Oil prices have continue to oscillate back and forth as concerns about oversupply get offset by economic data that on the face of it still remains more on the good side than bad, while jawboning from Russia about its willingness to talk about some form of deal with other oil producers about output reductions, continues to keep traders off balance, and has sent oil surging in the last 24 hours.
The latest US inventory data didn’t contain any surprises,
only reinforcing the narrative of an oversupplied market as stockpiles hit their highest levels since 1930 at 500m barrels, yet interestingly oil prices managed to finish the day sharply higher, due to a sharp slide in the US dollar.
The size of yesterday’s record inventory numbers also raises an interesting question
, in that if an inventory build of that nature can’t send oil lower then what will, raising the possibility that we may already have seen a short term base. If that turns out to be the case then we could well see a lot of hasty revisions to oil price targets, if we manage to break through the peaks we saw last week.
Yesterday’s services PMI numbers from China and Europe more broadly point to a story of steady but slowing
unspectacular levels of expansion, set against a back drop of central bankers who appear intent on pressing the pedal to the metal in terms of further monetary expansion.
Bank of Japan governor Kuroda followed in the footsteps of ECB President Mario Draghi
by stating that there were no limits to the steps the central bank could take to meet its inflation target, as this central bank game of pass the monetary stimulus parcel keeps on going.
Yesterday’s comments from William Dudley of the New York Fed
coming on the back of earlier comments from deputy Fed Chairman Stanley Fischer earlier in the week point to an increase in anxiety on the FOMC about a tightening of monetary conditions, the effect of a strong US dollar, and the slowdown in global growth prospects, which could keep the Fed on the side-lines in the short and medium term.
It would appear that these comments provided the catalyst for yesterday’s slide in the US dollar and rebound in oil prices, which in turn helped provide the catalyst for last night’s rebound in US stock markets.
It is this rebound late yesterday that looks set to help European markets open sharply higher this morning, and could also provide a catalyst for energy stocks as well.
One of the overarching themes from this latest reporting season,
apart from some high profile losses, has been one of job losses from not only oil and gas producers, but also banks and some retailers, which rather begs the question as to when these reductions in staffing levels start translating into the headline unemployment numbers, and whether there is an offset in other sectors, where employment prospects are increasing.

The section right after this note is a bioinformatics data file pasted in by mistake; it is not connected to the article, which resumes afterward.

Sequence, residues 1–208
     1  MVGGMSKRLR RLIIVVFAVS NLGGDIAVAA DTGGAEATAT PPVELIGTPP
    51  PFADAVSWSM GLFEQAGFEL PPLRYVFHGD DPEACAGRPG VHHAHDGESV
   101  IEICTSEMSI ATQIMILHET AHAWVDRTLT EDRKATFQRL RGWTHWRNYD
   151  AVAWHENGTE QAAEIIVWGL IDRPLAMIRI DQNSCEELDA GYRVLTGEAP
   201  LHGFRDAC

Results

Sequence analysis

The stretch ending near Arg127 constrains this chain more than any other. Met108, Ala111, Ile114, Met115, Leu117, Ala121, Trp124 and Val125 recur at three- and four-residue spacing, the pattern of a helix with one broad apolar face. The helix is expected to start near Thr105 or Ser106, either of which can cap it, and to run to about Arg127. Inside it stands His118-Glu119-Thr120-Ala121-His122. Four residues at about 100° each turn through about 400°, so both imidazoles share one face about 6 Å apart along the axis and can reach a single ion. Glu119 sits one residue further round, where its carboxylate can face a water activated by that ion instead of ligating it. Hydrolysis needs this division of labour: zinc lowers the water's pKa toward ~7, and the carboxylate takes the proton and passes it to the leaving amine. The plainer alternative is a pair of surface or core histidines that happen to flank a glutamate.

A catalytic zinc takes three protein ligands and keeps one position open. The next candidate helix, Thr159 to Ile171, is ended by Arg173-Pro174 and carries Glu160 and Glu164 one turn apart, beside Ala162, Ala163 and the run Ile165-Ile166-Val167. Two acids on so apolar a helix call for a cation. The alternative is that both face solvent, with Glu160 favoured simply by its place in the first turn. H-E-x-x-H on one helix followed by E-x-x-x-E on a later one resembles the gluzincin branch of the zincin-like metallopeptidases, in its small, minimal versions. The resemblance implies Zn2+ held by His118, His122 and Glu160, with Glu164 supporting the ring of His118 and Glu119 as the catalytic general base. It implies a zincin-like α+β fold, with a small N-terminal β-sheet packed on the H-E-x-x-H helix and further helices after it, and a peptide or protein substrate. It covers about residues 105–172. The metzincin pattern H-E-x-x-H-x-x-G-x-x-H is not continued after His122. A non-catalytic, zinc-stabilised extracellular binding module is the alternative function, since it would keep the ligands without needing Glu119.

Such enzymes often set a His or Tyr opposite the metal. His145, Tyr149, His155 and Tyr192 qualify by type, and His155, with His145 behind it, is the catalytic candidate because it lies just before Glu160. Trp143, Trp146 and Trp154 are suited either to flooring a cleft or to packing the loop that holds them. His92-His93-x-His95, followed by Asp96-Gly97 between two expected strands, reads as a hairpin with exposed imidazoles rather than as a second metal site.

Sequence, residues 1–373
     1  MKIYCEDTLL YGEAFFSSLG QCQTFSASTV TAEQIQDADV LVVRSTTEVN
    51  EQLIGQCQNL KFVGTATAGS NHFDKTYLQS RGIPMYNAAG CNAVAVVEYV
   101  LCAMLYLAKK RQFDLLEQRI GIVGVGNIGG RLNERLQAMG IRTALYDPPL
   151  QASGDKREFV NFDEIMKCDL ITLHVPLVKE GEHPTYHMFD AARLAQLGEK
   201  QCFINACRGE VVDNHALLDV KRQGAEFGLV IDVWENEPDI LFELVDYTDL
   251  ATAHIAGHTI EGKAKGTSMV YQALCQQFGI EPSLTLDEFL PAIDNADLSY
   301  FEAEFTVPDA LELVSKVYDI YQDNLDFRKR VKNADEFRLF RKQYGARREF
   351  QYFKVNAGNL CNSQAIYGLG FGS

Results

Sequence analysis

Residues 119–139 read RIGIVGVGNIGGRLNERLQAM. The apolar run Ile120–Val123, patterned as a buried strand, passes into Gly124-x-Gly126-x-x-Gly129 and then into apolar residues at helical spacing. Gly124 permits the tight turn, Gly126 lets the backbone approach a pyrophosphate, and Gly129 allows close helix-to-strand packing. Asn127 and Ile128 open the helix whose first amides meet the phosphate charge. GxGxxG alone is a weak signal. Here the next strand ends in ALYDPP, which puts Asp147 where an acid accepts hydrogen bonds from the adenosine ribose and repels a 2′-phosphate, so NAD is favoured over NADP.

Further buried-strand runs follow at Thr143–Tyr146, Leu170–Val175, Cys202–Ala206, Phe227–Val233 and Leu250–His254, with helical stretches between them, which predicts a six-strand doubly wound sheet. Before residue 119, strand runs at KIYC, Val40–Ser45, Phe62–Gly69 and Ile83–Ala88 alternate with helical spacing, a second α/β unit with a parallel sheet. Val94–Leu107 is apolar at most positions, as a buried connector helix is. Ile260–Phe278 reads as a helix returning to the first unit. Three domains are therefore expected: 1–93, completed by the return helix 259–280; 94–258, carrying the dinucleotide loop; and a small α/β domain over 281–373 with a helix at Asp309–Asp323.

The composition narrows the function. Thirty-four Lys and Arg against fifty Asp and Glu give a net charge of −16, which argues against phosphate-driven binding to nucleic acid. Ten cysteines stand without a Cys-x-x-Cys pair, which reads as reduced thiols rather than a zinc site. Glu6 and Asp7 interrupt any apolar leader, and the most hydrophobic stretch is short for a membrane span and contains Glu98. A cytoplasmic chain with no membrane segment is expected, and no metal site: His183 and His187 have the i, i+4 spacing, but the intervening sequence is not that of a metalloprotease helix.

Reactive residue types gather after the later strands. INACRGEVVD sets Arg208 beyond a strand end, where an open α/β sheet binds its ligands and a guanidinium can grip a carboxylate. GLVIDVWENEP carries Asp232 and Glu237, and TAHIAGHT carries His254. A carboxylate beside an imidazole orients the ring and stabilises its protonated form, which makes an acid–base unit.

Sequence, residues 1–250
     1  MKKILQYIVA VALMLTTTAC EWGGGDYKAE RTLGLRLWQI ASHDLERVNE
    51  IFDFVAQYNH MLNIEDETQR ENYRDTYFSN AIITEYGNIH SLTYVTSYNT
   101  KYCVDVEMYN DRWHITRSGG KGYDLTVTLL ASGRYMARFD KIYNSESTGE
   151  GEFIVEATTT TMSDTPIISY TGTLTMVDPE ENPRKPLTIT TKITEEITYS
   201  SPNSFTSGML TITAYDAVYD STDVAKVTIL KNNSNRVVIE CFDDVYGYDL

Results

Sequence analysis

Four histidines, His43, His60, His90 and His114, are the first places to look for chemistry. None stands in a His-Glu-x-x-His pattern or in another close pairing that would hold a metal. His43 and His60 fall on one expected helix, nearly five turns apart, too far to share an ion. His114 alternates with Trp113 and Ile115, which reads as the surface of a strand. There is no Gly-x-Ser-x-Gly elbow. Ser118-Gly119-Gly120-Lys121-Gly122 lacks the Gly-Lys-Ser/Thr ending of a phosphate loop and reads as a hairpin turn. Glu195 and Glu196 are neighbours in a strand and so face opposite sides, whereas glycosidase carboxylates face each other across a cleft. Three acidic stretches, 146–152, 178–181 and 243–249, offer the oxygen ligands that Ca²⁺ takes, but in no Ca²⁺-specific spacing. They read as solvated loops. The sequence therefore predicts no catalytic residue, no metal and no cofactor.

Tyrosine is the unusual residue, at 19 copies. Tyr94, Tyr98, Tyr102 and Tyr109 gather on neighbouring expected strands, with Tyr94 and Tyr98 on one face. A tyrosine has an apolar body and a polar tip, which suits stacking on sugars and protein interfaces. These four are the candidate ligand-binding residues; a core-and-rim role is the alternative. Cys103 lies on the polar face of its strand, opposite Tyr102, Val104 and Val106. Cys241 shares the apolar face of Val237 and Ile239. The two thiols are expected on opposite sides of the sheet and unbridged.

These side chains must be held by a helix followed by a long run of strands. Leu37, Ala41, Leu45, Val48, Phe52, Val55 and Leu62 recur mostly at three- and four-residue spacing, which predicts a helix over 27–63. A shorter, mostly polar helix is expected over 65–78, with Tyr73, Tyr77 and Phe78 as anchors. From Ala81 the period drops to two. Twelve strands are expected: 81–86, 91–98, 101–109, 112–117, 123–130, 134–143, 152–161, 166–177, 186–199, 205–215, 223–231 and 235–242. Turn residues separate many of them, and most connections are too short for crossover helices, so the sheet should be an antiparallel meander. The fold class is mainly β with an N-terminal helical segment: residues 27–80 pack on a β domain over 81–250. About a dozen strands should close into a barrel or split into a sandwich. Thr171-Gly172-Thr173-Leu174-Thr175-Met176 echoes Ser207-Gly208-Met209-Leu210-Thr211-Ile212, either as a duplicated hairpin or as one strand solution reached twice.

It is these questions that appear to be concentrating minds
as we look ahead to tomorrow’s US employment report at a time when both January ISM survey’s showed sharp slowdowns in the employment components for both the manufacturing and services sector.
Today’s Bank of England meeting and quarterly inflation report
is expected to reinforce this low interest rate narrative with downgrades to both inflation and growth forecasts expected in light of the sharp declines seen in oil prices since the November bulletin, however one should guard against a too dovish narrative given how far market expectations are for when interest rate rises are expected to rise.
These are currently set out into 2017 with even some talk of a potential rate cut
, which given recent data seems way too pessimistic. Given that and the fairly robust economic data it would not be surprising to see these risks played down, particularly given how short of sterling some market participants currently are.
– the euro broke out yesterday hauling itself above the 200 day MA with the potential to move towards 1.1200, and on to 1.1400. We need to stay above the 100 day MA at 1.0970 to keep the upward momentum intact.
– continues to make progress above the 1.4350 area on the way to a potential retest of the 1.4800 area. Having seemingly found a short term floor at the 1.4220/30 area we also have support at 1.4350.
– continue to remain stuck in a range either side of the 0.7600 level, with support at 0.7520 and resistance at 0 7660. As long as we hold above 0.7480 the risk remains for a return to the 200 week MA at the 0.7900 level.
– having unexpectedly fallen back below the 118.20 level we now look set for a retest of the 116.00 lows after the failure at the 200 day MA at 121.60
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